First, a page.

Our approach to safety and security continues to evolve.
Surely these can be troubling, anxious times. Stories of violence, and particularly gun violence in and around schools, leave many of us wondering what we'll hear next and how best to set our steps from here forward. What hasn't changed is that safety stands as a guiding priority for USN, in a way that continues to evolve.
There was a time, not so long ago, when doors across campus offered unsupervised access all day, a time when security staff only appeared at occasional evening events, a time before cameras recorded events in our parking lots. By my count, that was when our current seniors were about two years old.
Then what happened? On reflection, we started making changes as our school calendar carried more and more events, over a longer run of days. As we noticed the number and range of people visiting campus, it made more sense to add formal staffing, partly to welcome, partly to keep an eye on things. So we created an evening shift for Operations, and we added two security positions, keeping watch by day and by night. And all that was only about 15 years ago, while we were en route to being a seven days a week, 16 hours a day kind of campus.
From there, and as the building's size grew, with new library and arts and fitness centers, correspondingly new opportunities to automate and customize access came along. As our Centennial approached, early in the 2010s, those conversations grew and matured, with the 19th Avenue entrance a visible, direct architectural response. Remember also the Sandy Hook tragedy in 2012 and understand why a main, formal greeter desk made sense as we broke ground on the big restoration/renovation/addition project in 2014.
The commitment to safety that informed our staffing and access and construction decisions extended further as we gated the After-School area and added card/code access to the three doors now available to enter the building. Step by step, things have changed. Most recently, the focus has been on installing and improving communication technology in every classroom, office, and gathering space at school, in addition to web-based tools to reach families and other USN constituents.
Maybe most significant on the list of measures providing incrementally more security on campus is a formal institutional partnership formed a few years ago with our Vanderbilt neighbors. It's the most tangible example of our broader shared commitment to combine for mutual benefit, with Vanderbilt University Police Department Community Service officers now a familiar presence whenever we are open, River Campus included. Each shift change for those dedicated people brings an up-to-the-minute briefing for us. They regularly use USN facilities to train, and we regularly ask for their supervision when we conduct drills. Our exterior cameras even stream to their monitoring facility. We're seconds away by radio to support from VUPD cruisers circling the campus—an incomparable asset.
Which takes us to the question of how best to respond to the school safety worries spiking in recent months. Fundamentally, we've been working this issue quite intentionally for more than a decade, always seeking to be proactive and not reactive—there's a clear through line to the present day. At the same time, it feels different now. Just look at the two dozen or so High School students and families who marched in Washington, D.C during Spring Break, or the scores who marched here in Nashville, or the debrief meeting for HS students and parents set for 6:30 p.m. Monday, April 16 in the Auditorium.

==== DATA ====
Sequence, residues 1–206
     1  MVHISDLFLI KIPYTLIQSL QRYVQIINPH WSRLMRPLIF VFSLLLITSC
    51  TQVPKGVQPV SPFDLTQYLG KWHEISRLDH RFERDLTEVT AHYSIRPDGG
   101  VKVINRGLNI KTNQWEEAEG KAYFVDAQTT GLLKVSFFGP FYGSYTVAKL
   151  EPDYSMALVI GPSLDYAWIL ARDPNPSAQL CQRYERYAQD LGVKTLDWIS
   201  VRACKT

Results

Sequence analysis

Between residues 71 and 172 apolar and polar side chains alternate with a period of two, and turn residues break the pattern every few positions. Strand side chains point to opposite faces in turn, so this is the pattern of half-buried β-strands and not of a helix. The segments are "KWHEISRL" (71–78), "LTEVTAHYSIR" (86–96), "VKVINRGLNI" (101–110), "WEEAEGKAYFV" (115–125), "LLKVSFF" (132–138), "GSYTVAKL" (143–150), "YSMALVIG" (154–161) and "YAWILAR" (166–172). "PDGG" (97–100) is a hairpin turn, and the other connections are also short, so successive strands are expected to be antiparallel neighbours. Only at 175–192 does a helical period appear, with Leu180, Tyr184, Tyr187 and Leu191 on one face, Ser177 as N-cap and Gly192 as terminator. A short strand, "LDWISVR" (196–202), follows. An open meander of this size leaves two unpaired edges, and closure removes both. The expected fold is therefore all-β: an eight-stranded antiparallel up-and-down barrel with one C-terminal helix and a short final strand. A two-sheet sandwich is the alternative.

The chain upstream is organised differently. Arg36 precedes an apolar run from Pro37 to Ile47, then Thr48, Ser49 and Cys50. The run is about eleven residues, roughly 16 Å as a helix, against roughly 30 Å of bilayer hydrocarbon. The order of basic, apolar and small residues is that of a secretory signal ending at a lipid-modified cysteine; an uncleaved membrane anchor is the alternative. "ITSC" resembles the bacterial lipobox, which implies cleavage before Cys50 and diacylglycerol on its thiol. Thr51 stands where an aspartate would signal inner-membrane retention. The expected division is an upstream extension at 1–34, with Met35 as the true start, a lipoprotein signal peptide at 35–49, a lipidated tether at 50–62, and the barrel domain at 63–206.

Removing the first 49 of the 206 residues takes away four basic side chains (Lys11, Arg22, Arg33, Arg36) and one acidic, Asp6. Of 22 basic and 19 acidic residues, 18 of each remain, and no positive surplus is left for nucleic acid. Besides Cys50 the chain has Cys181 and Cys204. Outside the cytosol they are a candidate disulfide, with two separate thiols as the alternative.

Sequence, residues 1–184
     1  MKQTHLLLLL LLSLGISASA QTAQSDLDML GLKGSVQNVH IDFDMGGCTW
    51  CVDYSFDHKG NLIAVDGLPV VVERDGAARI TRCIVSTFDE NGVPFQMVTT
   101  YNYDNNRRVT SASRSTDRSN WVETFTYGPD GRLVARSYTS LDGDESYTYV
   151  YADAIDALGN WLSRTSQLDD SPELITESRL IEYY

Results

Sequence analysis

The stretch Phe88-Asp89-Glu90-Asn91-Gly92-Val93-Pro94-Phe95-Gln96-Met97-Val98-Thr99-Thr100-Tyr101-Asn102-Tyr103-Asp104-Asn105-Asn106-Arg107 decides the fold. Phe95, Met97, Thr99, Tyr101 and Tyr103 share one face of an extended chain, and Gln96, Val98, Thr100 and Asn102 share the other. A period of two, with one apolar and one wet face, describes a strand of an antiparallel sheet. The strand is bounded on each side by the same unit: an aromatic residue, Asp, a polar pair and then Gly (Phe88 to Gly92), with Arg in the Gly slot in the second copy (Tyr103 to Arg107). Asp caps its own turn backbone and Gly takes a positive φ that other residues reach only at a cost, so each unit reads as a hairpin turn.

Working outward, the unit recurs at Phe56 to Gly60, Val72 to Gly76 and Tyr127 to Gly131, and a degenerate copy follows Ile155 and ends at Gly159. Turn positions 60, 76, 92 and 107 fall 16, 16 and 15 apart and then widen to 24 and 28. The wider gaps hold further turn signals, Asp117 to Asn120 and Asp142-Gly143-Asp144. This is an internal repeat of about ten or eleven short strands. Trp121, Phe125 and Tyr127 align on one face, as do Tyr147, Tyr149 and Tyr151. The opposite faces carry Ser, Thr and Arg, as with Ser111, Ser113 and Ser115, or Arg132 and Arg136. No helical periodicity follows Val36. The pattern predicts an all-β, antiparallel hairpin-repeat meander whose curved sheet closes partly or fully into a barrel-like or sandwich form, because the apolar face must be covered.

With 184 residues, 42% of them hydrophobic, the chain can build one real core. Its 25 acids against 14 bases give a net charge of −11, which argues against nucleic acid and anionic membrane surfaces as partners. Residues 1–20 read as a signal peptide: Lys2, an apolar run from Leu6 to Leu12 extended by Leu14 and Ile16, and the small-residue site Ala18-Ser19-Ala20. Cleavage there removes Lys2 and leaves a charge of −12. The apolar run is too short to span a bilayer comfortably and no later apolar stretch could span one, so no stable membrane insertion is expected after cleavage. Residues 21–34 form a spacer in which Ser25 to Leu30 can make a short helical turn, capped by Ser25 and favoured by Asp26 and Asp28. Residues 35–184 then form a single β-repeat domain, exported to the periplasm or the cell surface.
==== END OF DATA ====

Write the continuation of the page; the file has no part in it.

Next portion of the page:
Much of the country is on high alert, even knowing the remote risk any one school faces, even knowing that schools are often the safest place children ever go, depending on the community. The feelings are real and they matter.
Our efforts this year, preceding the Florida tragedy and extending to include a briefing for our late start Wednesday, April 18, have been focused on drills preparing faculty and staff to respond to the inherently wide range of possible security scenarios. This strategy follows the advice of security professionals who remind us that these awful events, extremely rare though they are, call for decision making far more complex than a tornado or fire drill requires. So rather than ask students to envision a host of differing terrible circumstances and the appropriate action for each, we're investing in the capacity of the grownups at USN to provide that guidance for the young people in our care.
As with all our protocols, this approach is under regular review. It may be best to bring our older students in particular into conversations about staying safe at school, just as we ask them to think about staying safe in the neighborhood, in the city, or when they travel. It could all be framed, actually, as another kind of civic engagement, as they heard this week from the Rev. Naomi Tutu in our annual Buhl Lecture.
We're worrying more to help them worry less, or such is our aim. We'll keep listening, keep planning, keep improving where we can, knowing that the best work we can do is in building community, focusing on relationships, paying attention to the little things as we live out our foundational commitment to care for one another.
Thanks for reading and thanks for joining in the effort, at home and at 2000 Edgehill Ave.Vince